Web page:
Pakistan may have an ‘internationally recognised govt’ but it is also one of the most internationally despised, taken together with their Army.
    Economically, they are one of the most internationally incompetent. Militarily, they are an international terror machine. And socially, they have become the most internationally violent society–the numbers killed oft cited by the Pak’s speak for themselves.
    The present status quo in Pakistan is simply untenable. Personally, imho, it is irretrievably so. Which is why the international community needs to get out of its complacency, and act. Act at every possible level, ‘diplomatic’ and military.

  • Civy says:

    The Pak nuclear threat, if it even exists at a credible level, is vastly overstated. It’s time the US stops negotiating with itself, and starts contemplating the hitherto unthinkable – that Pakistan’s nuclear threat can be neutralized – and get on with planning that out.
    Like Bush and his rainbow of colored alerts, the Pak Military Establishment has seductively portrayed nuclear arms as a proxy for manliness to a nation steeped in inferiority.
    Only when the Pak Military has no such mesmerizing toy to distract the people of its country with will they see their situation for what it is. They live in squalor in a failed state, and are being left further behind each year as the West and the rest of Asia leaps ahead.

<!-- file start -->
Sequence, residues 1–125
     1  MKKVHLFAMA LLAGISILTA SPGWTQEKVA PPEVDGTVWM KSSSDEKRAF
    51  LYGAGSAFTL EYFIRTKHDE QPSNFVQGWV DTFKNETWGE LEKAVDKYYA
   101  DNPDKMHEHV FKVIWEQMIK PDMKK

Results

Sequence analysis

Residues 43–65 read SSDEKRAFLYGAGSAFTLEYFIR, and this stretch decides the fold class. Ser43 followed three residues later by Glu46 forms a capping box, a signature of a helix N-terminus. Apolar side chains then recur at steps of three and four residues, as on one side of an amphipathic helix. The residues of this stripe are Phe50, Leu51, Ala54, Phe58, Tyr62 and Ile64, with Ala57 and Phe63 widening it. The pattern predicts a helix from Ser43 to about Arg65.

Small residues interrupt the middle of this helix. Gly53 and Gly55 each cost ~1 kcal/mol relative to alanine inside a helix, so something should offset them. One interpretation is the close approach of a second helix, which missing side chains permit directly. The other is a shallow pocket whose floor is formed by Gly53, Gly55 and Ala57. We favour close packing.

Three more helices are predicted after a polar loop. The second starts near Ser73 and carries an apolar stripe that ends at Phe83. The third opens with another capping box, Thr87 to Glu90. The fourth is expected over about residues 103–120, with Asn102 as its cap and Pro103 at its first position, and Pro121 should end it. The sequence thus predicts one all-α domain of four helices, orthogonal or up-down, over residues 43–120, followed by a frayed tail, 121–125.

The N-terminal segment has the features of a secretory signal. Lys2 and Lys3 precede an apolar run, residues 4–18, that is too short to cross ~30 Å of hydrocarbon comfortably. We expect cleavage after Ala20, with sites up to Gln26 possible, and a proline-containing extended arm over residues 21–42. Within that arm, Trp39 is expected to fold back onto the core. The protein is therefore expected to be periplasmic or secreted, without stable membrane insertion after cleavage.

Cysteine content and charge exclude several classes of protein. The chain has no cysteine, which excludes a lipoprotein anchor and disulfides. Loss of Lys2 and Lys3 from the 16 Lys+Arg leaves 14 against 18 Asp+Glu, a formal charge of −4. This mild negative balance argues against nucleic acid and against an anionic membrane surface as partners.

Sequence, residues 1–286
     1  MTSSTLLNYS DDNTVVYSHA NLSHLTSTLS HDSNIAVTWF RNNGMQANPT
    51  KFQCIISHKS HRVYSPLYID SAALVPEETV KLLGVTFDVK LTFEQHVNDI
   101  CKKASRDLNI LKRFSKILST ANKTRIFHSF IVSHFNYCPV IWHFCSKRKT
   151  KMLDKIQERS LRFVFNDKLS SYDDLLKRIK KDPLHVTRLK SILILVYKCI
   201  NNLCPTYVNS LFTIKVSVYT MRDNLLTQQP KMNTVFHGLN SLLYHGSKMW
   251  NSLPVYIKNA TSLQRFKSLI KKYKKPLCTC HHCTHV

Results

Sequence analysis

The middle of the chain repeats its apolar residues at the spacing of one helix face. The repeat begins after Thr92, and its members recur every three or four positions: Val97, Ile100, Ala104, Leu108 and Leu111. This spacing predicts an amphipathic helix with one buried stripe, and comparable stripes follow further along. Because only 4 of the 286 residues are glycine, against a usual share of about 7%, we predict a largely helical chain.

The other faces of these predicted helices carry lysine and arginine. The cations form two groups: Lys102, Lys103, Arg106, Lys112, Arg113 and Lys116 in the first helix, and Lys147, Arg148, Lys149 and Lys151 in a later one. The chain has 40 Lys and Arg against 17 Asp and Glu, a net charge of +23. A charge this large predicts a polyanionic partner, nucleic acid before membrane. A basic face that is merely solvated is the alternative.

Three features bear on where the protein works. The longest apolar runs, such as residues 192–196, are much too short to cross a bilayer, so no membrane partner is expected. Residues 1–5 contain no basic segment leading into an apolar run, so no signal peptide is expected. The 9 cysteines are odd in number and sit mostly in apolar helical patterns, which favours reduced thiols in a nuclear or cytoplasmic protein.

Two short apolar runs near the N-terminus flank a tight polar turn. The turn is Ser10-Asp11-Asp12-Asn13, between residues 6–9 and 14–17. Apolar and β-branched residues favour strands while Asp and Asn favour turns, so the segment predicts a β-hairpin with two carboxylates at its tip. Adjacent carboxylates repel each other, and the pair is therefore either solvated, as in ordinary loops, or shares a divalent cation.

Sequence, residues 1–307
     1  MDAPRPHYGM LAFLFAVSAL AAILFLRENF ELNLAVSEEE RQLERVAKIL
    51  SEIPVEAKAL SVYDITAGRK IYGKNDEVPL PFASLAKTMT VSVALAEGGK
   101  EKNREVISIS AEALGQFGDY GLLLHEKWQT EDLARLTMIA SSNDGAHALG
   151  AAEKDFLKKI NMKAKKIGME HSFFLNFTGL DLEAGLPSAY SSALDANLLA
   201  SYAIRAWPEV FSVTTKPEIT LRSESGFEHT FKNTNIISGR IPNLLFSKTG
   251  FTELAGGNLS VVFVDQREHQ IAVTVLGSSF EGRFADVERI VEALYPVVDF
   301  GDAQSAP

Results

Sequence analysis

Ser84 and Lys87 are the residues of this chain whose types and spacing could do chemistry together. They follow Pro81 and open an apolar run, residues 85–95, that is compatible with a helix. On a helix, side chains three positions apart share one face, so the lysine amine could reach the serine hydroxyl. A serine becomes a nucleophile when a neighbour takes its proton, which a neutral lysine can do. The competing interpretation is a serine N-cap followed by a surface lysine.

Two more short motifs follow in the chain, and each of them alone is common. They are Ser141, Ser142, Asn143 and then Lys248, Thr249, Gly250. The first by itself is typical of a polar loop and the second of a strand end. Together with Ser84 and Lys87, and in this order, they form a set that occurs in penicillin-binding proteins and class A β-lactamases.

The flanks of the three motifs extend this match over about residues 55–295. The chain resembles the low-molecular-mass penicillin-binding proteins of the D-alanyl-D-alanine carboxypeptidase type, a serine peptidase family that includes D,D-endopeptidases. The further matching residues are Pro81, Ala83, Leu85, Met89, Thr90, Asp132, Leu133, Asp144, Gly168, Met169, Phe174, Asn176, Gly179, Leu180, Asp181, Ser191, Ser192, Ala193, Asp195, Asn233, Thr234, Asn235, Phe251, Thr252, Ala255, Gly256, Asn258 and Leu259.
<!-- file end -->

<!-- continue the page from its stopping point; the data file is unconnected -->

We have a huge nuclear arsenal. It can be parked offshore of Pakistan and turn every city in the country into a smoldering cinder. That is a credible threat.
    What is not a credible threat is a Pak Military, perhaps with some crippled nuclear capability, being able to threaten in any serious way the US military. It can’t even do a credible job of rooting the Taliban out of S Waziristan. In a stand-up conventional fight the Pak Military would be annihilated in a few days.
    The millions of Pak civilians aren”t going to care and we aren”t going to stop and take opinion polls. Whatever the public perception is after the fact, in the Pak political system, it doesn’t matter.
    The generals are running the country, and once defanged, and accountable to a population no longer deluding itself that it has options or a position of importance in the world, they will have neither the means nor the support for retaliation.
    There is a civil middle-class in Pakistan who is very weary of this cabal of self-serving generals who live well at the expense of everyone else, and arrange for perpetual war so they can continue to enjoy power, wealth and position.
    The true way forward for Pakistan, if it doesn’t want to get left behind in the 8th Century, is the path that Germany, Japan, the Asian Tigers and Israel have taken. Namely, education, hard work, good governance, and eventually, economic power and earned respect.
    The general’s path of perpetual war is a road to ruin – the kind of well-bounced rubble ruin we see in Afghanistan. The way to unmask these demons and revel them for what they are, is to take away their big, shiny distraction. Pretty basic Wizard of Oz stuff.
    If we haven’t been planning this, then we need to get past our unexamined, unevaluated, and unquantified fear, and do so. Let the generals beg in the streets.

  • Villiger says:

    Zarin, please stop crying. We are well past the rock-bottom hit of Raymond Davis. The times they are a changin.
    (Inspiration: Bob Dylan)